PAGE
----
You've probably seen him in a hundred movies or TV shows -- and while you may not know his name, you're sure you know him.
He's "that guy," the bumbling, stammering nebbish in countless movies, from "A Beautiful Mind" to "My Cousin Vinny."
On Saturday, "that guy" will be at Packard Music Hall for an evening of song with the Warren Philharmonic, along three friends from Broadway: David Green, Judy Kaye and Alice Playten.
Austin Pendleton is coming home.
He was born in Warren in 1940, to a businessman father and a mother who loved the theater. The area has changed quite a bit in 60 years, he says.
"The mills were going all the time," he remembers. "It was just a whole different place back then -- we were an industrial nerve center."
His earliest memories revolve around his mother, Frances Pendleton, and her "lively group" of theater friends back in the very early days of the Trumbull New Theatre. In the evenings, the cast of the theater's latest production gathered in the Pendleton living room for rehearsal.
"I was supposed to be in bed, you know, but I would sneak down the stairs and hide and just watch them," Pendleton says. "They would come two or three times a week after dinner, and it changed the energy of the whole house. It was so exciting."
His career path was formed then and there, he says.
"I knew I wanted to do that," he says. "To watch them was like nothing else. An evening rehearsal still makes me happy."
In high school, Pendleton and his friends formed "a sort of junior TNT," rehearsing and doing shows. He continued his love of theater as an undergraduate at Yale, performing in plays and musicals such as "Fiddler on the Roof."
After college, he came back home to Warren for a "terrifying, but exciting" assignment: being directed by his mother in a production of "The Glass Menagerie."
His mother, who died in 2003, was clearly influential in his life. "Her life would have been very different today," he says. "She was a very driven woman, and she definitely had her demons. I think she poured her frustrations into acting."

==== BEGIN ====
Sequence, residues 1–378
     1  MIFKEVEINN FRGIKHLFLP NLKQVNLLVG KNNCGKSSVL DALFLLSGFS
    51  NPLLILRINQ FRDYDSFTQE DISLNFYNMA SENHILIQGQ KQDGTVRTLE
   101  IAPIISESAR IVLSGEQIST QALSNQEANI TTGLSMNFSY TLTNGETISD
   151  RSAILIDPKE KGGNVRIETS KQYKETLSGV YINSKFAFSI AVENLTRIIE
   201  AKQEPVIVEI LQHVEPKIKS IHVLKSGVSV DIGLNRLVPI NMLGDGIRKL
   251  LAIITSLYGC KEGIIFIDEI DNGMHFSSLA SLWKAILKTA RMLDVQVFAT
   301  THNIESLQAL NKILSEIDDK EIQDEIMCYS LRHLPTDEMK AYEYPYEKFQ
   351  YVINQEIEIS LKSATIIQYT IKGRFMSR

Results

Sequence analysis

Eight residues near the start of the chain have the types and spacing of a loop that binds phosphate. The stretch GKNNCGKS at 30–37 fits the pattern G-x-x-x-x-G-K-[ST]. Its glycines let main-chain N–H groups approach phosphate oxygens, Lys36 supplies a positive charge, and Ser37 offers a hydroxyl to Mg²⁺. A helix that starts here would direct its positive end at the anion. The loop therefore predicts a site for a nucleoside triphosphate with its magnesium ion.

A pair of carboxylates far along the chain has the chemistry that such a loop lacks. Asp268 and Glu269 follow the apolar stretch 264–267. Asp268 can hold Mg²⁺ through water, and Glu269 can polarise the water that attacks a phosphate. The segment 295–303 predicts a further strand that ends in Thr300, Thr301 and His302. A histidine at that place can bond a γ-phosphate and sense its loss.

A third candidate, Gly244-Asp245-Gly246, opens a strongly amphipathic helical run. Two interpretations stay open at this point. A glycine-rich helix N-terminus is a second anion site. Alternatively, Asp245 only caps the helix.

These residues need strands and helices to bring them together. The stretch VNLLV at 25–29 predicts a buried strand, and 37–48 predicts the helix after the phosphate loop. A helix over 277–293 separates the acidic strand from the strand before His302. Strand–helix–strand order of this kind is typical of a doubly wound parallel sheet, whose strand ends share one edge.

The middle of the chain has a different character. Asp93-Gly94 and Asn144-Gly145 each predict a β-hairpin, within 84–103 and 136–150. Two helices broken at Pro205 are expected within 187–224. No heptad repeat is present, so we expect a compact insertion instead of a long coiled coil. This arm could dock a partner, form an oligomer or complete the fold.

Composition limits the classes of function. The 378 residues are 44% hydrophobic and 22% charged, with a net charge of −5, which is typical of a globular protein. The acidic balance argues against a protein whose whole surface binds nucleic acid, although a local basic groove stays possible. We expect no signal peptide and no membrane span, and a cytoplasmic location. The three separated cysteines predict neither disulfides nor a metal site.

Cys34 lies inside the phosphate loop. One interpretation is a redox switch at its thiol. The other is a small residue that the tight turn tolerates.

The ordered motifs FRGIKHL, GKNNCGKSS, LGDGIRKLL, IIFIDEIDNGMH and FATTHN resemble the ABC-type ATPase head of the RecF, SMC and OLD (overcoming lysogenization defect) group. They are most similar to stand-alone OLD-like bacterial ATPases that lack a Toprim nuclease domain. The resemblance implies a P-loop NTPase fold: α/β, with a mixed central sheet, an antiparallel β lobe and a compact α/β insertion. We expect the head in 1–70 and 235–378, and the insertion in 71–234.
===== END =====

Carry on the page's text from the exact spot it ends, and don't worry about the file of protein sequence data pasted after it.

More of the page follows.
Wore many hats
Pendleton returned to New York and continued to work as an actor, moving from theater to film to television. But he's moved beyond performing, with directing, teaching and even writing his own plays. One of his recent successes, "Orson's Shadow," opened off-Broadway in March.
Like Orson Welles, the subject of his play, Pendleton has chosen to branch out -- to try his hand at directing and writing as well as acting.
"I like to be a moving target," he says. Orson's Shadow" opened to mostly positive reviews, and Pendleton says he's learned to write the play and let the actors interpret.
"Oh, I try not to interfere," he says. "I've learned that they'll come up with something you never imagined. If you just shut up, something interesting happens."
He loves the theater, but is realistic about it.
"A middle range actor, and that's what I am," he says, "cannot make a living wage only in the theater. So, if you're smart, you pursue other things."
"Other things" for Pendleton have included recurring roles on "Homicide: Life on the Street" -- "we filmed down in Baltimore and I just loved that show, I really did. The writing was fabulous," and HBO's "Oz."
He has made a number of television pilots that didn't get sold to a network, he says. A popular TV role might have changed his life, and he's not so sure he would have liked that.
"Happily they've never been picked up," he says. "I did one -- they were offering a lot of money, and I needed a lot of money. It's very tempting. If it gets picked up, that can be a lot of money, security and fame. You get paid a lot, but boy, do you pay."
At his Saturday night performance, Pendleton will share the stage with Playten, Kaye and Green, "very, very talented" friends and "A-list people" he's known for many years. They will perform various selections from Broadway musicals and the second half of the evening will be devoted to selections from "Fiddler." All will be done with the orchestra.
"We're all thrilled about it," he says.